Author: Dr Christine Dobbs, Centre for Innovative Ageing, Swansea University

Day One – Tuesday 25th June

Strand – Health & Well Being

Session Two: 2.45pm – 4.15pm

Compared to the other three UK nations, Wales has the lowest healthy life expectancy, the highest incidence rate of chronic disease and the largest proportion of older people, many of whom live in rural areas. Further, the nursing staff:patient ratio is lowest for older people compared to other patient groups across the NHS and lowest in NHS Wales.

This paper presents findings from part of a larger qualitative study (N=56). Relevant here, participant groups were older people (OP) and policy-makers/-influencers (PMI: experts and lay persons) in rural and urban Wales. Employing Thematic Content Analysis (OP – Interviews), Nominal Group Technique (OP – consultation workshops), and summative consultation workshops (PMI), a major problem identified for rural elders was getting in to an appropriate hospital.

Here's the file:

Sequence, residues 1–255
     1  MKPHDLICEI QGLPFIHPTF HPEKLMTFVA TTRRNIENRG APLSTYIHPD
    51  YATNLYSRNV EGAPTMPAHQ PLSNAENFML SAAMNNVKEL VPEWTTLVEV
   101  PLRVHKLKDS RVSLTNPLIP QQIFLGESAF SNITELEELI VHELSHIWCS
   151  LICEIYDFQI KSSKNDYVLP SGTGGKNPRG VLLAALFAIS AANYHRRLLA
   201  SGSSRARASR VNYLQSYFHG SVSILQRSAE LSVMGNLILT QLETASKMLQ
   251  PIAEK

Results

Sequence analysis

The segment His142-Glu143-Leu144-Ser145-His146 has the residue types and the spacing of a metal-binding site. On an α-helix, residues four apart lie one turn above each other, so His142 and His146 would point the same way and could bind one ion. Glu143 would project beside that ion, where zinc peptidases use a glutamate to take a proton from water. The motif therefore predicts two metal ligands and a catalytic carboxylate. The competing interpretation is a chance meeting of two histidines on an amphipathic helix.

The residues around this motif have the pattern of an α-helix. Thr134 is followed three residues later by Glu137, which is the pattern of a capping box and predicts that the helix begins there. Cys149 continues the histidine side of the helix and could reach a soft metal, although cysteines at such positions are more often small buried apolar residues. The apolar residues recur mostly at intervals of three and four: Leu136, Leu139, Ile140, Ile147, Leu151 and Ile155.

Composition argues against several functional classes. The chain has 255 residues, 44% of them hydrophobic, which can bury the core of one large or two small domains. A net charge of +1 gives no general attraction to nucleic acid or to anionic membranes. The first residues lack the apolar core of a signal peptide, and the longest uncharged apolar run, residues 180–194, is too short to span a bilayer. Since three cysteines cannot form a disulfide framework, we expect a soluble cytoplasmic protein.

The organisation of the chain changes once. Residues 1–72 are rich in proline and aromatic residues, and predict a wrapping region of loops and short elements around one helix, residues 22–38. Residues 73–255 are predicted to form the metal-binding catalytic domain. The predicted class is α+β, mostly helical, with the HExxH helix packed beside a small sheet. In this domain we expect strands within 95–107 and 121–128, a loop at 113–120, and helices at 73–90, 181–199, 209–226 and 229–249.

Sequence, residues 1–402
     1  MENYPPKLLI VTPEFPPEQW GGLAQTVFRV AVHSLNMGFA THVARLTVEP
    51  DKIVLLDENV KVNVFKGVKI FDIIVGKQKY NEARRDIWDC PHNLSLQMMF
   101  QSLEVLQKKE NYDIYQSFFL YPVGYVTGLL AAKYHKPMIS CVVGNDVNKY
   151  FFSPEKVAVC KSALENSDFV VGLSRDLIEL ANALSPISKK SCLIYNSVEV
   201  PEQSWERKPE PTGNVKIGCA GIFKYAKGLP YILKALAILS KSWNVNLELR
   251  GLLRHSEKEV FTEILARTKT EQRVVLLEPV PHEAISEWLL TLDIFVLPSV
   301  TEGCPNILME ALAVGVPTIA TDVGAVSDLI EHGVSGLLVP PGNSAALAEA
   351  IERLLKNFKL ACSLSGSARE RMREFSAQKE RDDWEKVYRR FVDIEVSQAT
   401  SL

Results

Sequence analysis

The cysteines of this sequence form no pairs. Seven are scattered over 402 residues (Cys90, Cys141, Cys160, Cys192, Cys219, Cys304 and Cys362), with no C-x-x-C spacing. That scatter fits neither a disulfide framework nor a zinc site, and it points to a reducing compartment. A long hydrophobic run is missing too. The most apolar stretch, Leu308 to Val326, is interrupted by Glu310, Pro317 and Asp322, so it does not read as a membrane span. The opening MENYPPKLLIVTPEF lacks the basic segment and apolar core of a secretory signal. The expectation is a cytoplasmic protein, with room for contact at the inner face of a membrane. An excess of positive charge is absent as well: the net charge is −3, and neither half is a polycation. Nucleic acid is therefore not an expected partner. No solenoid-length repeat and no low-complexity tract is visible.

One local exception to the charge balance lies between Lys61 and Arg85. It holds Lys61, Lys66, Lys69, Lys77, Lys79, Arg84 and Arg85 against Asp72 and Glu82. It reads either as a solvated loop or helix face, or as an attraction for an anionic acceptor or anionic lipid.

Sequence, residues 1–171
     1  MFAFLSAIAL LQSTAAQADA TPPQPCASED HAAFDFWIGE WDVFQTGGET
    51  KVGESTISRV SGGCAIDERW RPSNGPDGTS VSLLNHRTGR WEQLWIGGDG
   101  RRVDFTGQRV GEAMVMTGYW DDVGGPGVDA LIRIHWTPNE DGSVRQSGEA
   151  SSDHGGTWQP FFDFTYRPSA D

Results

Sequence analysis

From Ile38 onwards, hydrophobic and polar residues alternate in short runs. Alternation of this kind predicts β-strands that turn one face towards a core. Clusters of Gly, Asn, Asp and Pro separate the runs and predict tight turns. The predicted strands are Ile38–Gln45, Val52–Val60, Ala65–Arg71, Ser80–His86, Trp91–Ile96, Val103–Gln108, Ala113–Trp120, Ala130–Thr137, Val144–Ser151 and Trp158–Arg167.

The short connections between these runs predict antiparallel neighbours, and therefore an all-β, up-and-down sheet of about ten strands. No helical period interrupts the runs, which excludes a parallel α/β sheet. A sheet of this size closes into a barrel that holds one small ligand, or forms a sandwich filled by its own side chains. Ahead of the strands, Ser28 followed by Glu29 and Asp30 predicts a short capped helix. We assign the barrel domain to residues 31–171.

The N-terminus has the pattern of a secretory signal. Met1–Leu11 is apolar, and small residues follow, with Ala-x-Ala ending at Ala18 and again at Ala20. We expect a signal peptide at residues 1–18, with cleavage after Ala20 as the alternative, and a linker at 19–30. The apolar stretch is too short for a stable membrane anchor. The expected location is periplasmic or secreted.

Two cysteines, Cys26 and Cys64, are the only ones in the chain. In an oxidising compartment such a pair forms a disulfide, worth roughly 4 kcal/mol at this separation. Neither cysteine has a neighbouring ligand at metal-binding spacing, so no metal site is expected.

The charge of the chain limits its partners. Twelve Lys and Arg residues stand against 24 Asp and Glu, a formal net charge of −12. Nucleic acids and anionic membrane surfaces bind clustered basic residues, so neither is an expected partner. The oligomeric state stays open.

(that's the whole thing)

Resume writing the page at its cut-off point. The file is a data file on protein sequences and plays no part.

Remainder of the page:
Currently, often the potential harm/distress of travelling almost outweighs the benefits of treatment, and social support networks such as loved ones’ visits are impaired severely. In contrast, one major problem for urban elders was getting out of hospital due to poor multi-agency liaison and an NHS culture of risk aversion. Common-sense solutions were proposed by the PMI groups. In particular, the NHS must adapt by acknowledging and acting on the solutions that front-line staff and the contributions that the voluntary sector can provide. However, if the Welsh Government is to proceed with its proposal to strip down hospital provision and if the NHS does not move away from overly strict risk assessment, the future for health- and social-care delivery particularly for the older population looks very bleak.

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